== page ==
Caveat: I'm a YA Librarian. I made this list with teens in mind. That doesn't mean that every pick is technically a teen book. It simply means that I think a group of teens could have engaging and thought-provoking conversations about the books. Of course any group, regardless of age, could enjoy reading and have an excellent conversation about any of the ten books below. What's been your favorite book club book?
10. 1984 - George Orwell Terrifying. It seems like each day brings us a step closer to the kind of world in which Winston Smith lives.
9. The Absolutely True Diary of a Part-Time Indian - Sherman Alexie Funny and heartfelt, the story brings to light an existence that is not often explored in contemporary literature.
8. The Book Thief - Markus Zusak Am I right in thinking that every book club in the world has already discussed this book? If not, you're welcome.
7. Ender's Game - Orson Scott Card This thought-provoking science fiction story isn't for everyone, but it's an excellent read. It's also currently being made into a film. What better time to have a book club tackle it?
6. Life as We Knew it - Susan Beth Pfeffer The book suggests a truly frightening prospect. I expect the book club would spend a lot of time discussing "What if?"
5. Feed - M.T. Anderson You're probably starting to notice that many of the titles on this list are dystopian in nature. It's a sub-genre that by far has been the most successful with our Library's teen book group. They're the inheritors of what we've created, so it's only fitting they explore the possibilities of what's to come.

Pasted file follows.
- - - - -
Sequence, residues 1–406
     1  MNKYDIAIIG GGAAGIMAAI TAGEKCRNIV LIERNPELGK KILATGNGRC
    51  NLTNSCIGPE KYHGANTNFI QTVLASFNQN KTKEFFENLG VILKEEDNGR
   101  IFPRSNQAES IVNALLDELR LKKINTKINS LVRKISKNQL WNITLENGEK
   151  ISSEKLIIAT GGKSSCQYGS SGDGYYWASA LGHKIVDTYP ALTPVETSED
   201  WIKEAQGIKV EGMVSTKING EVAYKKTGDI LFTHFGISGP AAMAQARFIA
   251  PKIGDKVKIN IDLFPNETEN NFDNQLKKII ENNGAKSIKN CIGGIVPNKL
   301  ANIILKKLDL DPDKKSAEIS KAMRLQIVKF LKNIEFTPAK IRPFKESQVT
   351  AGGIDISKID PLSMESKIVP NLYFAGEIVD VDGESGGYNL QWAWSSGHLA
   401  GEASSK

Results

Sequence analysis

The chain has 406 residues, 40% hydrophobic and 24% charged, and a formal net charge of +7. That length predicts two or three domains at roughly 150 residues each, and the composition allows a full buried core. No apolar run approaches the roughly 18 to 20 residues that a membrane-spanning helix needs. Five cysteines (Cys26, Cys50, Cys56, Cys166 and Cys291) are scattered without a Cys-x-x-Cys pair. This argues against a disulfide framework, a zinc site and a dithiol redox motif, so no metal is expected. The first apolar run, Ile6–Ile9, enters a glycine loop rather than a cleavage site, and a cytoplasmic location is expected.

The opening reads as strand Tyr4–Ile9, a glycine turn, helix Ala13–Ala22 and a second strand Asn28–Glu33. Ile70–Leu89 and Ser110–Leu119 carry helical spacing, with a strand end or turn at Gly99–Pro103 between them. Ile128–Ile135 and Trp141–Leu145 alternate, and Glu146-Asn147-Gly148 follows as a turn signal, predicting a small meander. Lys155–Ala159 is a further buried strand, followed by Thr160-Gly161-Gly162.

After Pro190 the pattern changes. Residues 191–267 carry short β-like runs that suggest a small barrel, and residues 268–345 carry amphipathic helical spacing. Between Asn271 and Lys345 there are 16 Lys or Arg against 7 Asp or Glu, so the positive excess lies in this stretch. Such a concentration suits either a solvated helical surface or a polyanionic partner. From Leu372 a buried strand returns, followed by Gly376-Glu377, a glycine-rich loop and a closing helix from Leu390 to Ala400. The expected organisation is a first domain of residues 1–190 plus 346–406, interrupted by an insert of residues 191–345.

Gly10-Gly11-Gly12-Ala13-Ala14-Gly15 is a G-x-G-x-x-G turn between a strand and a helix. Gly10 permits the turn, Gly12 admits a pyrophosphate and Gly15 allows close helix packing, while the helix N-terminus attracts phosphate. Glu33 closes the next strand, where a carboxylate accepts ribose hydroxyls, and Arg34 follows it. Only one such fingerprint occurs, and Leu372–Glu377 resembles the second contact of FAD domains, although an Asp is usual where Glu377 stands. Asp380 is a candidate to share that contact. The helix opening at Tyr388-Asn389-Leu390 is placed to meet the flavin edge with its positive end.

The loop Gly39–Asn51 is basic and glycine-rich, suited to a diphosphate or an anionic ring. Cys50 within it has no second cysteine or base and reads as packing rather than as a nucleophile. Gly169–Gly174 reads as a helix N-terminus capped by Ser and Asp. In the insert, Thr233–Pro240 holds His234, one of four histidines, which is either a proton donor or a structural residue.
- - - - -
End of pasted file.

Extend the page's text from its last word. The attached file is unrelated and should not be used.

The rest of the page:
4. Wintergirls - Laurie Halse Anderson A fascinating and heartbreaking glimpse into the chaotic mind of a young girl struggling with an eating disorder.
3. American Born Chinese - Gene Luan Yang A graphic novel as a book club pick? Absolutely...especially a gem like this one. Three interrelated stories for the price of one.
2. Unwind - Neal Shusterman The teens not only found this one fascinating but exciting as well. Shusterman has that effect on people.
1. The Hunger Games - Suzanne Collins It's phenomenally popular and sure to spark discussion not just about the world of Panem but our own.
January 31, 2012
January 24, 2012
Jay Baker’s got trouble, right here in River City. Trouble with a capital T, and that rhymes with B, and that stands for—better luck next time? You got that pop culture reference, right Mr. Baker? After all, the ones you fling at your readers span decades beyond the referential zingers any typical high schooler would have in his arsenal of snark. They also, alas, get in the way of the story you’re trying to tell, making readers take time out of the narrative to figure out just exactly what you’re trying to say.
Having said that, The Edumacation of Jay Baker isn’t all bad. Amidst the overwhelming tide of female voices in teen literature today, it’s always refreshing to have a male protagonist—even if he is angsting over the women in his life in a voice that misses the mark of feeling authentic. His surprisingly strong bond with his older sister is a positive spot too. They snark at each other as most siblings are wont to do, but there’s still a deep love present, and it helps both of them deal with the situation of their parents’ marriage imploding.
The plot itself is nothing new, but nothing bad either. In more capable hands, the family drama and a shifting of affections from one girl to another while not groundbreaking, is not an unwelcome addition to the shelves. This particular book, however, is done in by a mismanagement of words.